Take the 2-minute tour ×
Stack Overflow is a question and answer site for professional and enthusiast programmers. It's 100% free, no registration required.

Suppose I have a simple C++ program that takes in inputs and outputs some string. Like this (actual program is much more complicated but still text based):

$ ./game
$ what kind of game? type r for regular, s for special.
$ r
$ choose a number from 1 - 10
$ 1
$ no try again
$ 2
$ no try again
$ 5
$ yes you WIN!

I haven't used Python before, but is it possible to write a python script to run this program, feeds it input, and outputs the results to standard output? I have ask the question here about running it using C++ but it seems much too complicated. It would be awesome it you could direct me to some code examples. Any help would be appreciated.

share|improve this question
    
You might also want to consider expect (en.wikipedia.org/wiki/Expect) –  aschepler Jul 21 '11 at 22:34

3 Answers 3

up vote 3 down vote accepted

Use pexpect.

Normal stdin/stdout piping usually doesn't work, because the standard library facilities in the parent and child processes tend to buffer I/O more aggressively when a file descriptor isn't a TTY (via the isatty call). Obviously, you can fix this in the parent, since you own that code; just call flush at appropriate points. But often the child process is running some preexisting code that you don't own. The pexpect module feeds the child process a pseudo-tty, which tricks the child into thinking it's talking to a console. This is the same trick that GUI terminals like xterm and rxvt use.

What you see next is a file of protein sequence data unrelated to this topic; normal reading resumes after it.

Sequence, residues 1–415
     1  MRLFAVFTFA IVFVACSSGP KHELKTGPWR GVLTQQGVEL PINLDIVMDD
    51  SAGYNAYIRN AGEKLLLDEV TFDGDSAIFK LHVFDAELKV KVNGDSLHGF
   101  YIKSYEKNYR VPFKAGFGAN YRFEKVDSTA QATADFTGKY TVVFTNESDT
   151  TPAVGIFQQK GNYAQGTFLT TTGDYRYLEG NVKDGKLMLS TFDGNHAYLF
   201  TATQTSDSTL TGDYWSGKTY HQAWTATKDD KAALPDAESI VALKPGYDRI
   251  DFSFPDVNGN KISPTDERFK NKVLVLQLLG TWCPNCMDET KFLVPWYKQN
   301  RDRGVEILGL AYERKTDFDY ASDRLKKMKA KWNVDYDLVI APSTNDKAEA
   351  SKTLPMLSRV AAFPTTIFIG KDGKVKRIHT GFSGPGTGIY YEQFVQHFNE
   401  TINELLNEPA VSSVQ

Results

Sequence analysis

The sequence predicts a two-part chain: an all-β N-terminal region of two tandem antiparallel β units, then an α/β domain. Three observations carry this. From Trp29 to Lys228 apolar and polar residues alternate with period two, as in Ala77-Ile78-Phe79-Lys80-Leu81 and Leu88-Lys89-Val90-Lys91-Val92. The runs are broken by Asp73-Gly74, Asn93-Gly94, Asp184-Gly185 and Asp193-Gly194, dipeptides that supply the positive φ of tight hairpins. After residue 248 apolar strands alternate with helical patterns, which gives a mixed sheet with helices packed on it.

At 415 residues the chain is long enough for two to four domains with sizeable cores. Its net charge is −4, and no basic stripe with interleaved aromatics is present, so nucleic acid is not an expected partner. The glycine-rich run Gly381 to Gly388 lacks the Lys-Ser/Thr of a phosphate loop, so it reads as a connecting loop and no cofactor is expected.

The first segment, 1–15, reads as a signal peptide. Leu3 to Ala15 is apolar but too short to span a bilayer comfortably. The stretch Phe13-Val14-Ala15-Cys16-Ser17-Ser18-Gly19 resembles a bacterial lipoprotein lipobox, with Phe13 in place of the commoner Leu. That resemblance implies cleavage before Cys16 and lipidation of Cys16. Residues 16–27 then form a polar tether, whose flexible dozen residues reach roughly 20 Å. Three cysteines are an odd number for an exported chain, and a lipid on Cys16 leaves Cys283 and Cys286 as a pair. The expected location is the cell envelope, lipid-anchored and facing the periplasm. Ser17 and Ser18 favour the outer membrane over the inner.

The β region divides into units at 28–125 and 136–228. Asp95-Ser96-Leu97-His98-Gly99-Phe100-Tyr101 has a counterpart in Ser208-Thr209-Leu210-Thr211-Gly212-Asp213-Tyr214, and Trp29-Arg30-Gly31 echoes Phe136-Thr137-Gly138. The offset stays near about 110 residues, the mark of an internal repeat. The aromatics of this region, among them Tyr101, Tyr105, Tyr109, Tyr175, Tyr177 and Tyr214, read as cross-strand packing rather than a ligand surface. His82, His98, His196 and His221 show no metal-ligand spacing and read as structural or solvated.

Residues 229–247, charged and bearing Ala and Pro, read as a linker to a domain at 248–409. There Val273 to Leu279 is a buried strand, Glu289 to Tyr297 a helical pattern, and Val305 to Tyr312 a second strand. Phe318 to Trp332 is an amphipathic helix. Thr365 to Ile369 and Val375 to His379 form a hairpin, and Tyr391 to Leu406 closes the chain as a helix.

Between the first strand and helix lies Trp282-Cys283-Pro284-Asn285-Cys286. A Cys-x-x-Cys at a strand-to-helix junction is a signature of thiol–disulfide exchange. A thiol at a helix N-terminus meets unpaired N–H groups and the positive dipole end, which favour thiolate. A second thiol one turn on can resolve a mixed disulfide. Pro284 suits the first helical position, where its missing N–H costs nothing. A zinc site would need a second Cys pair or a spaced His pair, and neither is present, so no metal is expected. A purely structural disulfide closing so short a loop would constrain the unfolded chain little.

share|improve this answer

You might be interested in Cram, which is a Python tool for testing command line options.

share|improve this answer

If you're up to it you can use my testing framework which includes a Python version of expect. The original expect program allows you to "converse" with interactive programs just like that. But this framework includes a Python expect.py module that you can use instead.

See http://code.google.com/p/pycopia/

The module is in the process subpackage.

You could also use pexpect, but I wrote my own because I didn't like that one.

share|improve this answer

Your Answer

 
discard

By posting your answer, you agree to the privacy policy and terms of service.

Not the answer you're looking for? Browse other questions tagged or ask your own question.